“he took in his hand the fire and the knife” (maakelet) (v. 6b). A maakelet is a large knife, suitable for butchering large animals.
“They both went on together” (v. 6c). If this is the mountain that will later be the temple mount, their journey up the mountain will take considerable time. Abraham is elderly and Isaac is burdened with firewood, so they will have to take rest breaks along the way. All the while, Abraham must be torn inside as he contemplates Isaac’s trust and the treachery that Isaac will soon encounter at Abraham’s hands.
“Isaac said to his father Abraham, ‘My Father!’ And he said, ‘Here I am, my son'” (v. 7a). There is respect and affection in both sides of this exchange—and trust on Isaac’s part.
“(Isaac) said, ‘Here is the fire and the wood, but where is the lamb for a burnt offering?'” (v. 7b). It seemed odd that Abraham would bring firewood from home on this three day journey. Now Isaac asks why they have no lamb for the burnt offering. It would seem to have made more sense to bring a lamb from Abraham’s flocks on the journey and to find firewood near the destination. A lamb intended for God needs to be a fine specimen. How can they expect to find a Grade-A, first-rate lamb on this mountain?
Does Isaac sense that something serious is amiss here? Does it occur to him that he might be the sacrificial lamb? We have no way of knowing. We know only that he continues the journey without complaint.
“God will provide himself the lamb for a burnt offering, my son” (v. 8a). As Abraham understands it, God has already provided the lamb—Isaac. If Abraham hopes that God will somehow spare Isaac, that hope does not affect his actions. He never hesitates—never questions—never balks when it comes to carrying out God’s command.
“The church fathers viewed Abraham’s answer a theological foreshadow of Christ’s sacrifice. The Christian reader today sees the additional irony that God supplies his own Son for the sins of the world, whereas Abraham’s son escapes unharmed” (Mathews, 293).
“So they both went together” (v. 8b). See the comments on verse 6b above.
GENESIS 22:9-10. HE LAID ISAAC ON THE ALTAR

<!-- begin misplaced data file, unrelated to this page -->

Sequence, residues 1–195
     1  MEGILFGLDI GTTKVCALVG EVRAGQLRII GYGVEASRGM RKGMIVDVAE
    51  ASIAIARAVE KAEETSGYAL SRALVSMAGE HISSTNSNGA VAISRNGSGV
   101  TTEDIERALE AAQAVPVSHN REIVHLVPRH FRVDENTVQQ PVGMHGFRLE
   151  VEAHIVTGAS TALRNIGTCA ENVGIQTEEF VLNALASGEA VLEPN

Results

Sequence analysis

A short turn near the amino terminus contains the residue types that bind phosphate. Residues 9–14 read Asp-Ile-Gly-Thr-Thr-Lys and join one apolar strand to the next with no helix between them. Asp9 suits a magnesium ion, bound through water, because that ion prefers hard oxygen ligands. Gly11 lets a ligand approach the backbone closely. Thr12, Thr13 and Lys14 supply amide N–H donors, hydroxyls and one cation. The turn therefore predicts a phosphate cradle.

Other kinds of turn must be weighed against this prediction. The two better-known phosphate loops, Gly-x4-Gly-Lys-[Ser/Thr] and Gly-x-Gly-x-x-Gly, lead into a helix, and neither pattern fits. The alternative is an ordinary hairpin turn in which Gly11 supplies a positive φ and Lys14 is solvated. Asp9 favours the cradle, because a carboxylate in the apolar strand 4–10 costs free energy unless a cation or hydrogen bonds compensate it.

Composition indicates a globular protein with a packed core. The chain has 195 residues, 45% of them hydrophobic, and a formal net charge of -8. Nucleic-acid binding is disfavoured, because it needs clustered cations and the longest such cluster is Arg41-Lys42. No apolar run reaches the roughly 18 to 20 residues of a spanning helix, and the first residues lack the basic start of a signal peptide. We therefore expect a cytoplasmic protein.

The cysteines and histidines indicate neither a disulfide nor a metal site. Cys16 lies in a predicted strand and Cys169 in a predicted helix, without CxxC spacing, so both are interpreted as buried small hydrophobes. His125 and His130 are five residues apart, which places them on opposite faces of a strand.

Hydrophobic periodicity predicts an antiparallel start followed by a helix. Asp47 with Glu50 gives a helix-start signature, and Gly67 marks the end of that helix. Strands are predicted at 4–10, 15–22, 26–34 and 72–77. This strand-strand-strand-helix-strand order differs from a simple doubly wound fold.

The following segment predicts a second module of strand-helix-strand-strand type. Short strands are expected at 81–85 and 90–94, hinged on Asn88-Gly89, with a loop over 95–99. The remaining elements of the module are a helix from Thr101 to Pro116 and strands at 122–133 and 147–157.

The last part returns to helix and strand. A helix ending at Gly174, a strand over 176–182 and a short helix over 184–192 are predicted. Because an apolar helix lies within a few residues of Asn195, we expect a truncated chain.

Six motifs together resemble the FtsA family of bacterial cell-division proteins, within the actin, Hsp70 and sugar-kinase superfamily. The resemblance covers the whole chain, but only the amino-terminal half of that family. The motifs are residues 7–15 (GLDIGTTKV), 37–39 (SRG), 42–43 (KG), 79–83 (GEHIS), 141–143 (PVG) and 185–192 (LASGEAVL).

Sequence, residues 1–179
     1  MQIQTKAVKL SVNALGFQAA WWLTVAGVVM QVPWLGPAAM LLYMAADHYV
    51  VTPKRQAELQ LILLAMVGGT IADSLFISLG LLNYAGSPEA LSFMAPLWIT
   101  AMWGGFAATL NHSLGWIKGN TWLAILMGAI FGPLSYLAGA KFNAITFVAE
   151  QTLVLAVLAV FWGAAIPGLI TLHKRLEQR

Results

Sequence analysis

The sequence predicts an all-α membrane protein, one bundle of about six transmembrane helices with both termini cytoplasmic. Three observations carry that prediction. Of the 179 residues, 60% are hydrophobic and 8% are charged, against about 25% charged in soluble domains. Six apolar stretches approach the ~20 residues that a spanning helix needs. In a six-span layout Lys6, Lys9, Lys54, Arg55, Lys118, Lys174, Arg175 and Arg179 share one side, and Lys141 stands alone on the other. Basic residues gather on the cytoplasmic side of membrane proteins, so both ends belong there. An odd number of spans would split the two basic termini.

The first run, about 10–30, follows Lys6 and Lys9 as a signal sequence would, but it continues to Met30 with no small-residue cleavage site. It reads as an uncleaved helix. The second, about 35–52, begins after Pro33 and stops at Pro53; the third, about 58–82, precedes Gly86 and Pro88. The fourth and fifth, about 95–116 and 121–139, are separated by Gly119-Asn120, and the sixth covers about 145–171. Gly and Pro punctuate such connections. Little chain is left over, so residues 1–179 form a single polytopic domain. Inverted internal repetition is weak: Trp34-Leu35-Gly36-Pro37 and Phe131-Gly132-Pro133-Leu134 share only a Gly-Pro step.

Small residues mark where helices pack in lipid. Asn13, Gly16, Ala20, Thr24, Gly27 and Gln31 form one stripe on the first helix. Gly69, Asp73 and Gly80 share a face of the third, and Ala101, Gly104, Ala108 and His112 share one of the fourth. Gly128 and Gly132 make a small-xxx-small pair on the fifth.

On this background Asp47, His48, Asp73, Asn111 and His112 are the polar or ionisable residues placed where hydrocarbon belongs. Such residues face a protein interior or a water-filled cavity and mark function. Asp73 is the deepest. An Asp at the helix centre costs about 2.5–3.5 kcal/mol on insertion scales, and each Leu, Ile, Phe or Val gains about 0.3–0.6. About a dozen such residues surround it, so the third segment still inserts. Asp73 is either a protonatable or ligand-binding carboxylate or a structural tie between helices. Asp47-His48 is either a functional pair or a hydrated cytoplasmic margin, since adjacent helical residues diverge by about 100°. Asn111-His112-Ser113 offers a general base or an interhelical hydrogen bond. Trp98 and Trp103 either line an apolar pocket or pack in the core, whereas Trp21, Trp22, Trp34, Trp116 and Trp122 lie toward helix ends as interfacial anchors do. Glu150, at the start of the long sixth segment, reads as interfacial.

9They came to the place which God had told him of. Abraham built the altar there, and laid the wood in order, bound Isaac his son, and laid him on the altar, on the wood. 10Abraham stretched out his hand, and took the knife to kill his son.
“They came to the place which God had told him of. Abraham built an altar there, and laid the wood in order” (v. 9a). Abram built an altar long ago, when he first entered Canaan, at the oak of Moreh in Shechem in response to God’s promise to give Abram’s offspring that land (12:7). Now he builds an altar to sacrifice the offspring through whom God has promised to carry out that promise. The details of building an altar and laying the wood give us a sense of Abraham’s determination. He continues to press on—laying the foundation for the sacrifice of his son step by step—never hesitating or complaining or begging for relief.
“bound Isaac his son” (v. 9b). This causes us to ask how an old man managed to bind his young strong son. If Abraham had stood behind his son and knocked him unconscious, the author surely would have told us that. It seems more likely that Isaac, who has been trusting and compliant throughout this story, permits Abraham to bind him. Whether he understands that Abraham intends to kill him is open to question.
“and laid him on the altar, on the wood.” (v. 9c). Abraham continues his step-by-step obedience. If Isaac didn’t understand what was happening when Abraham bound him, it must be clear to him now.
“Abraham reached out his hand and took the knife to kill his son.” (v. 10). Abraham takes this next-to-final step with no apparent hesitation. It is hard to imagine how he could do this. The author of Hebrews explains it by saying:
“By faith, Abraham, being tested, offered up Isaac.
Yes, he who had gladly received the promises
was offering up his one and only son;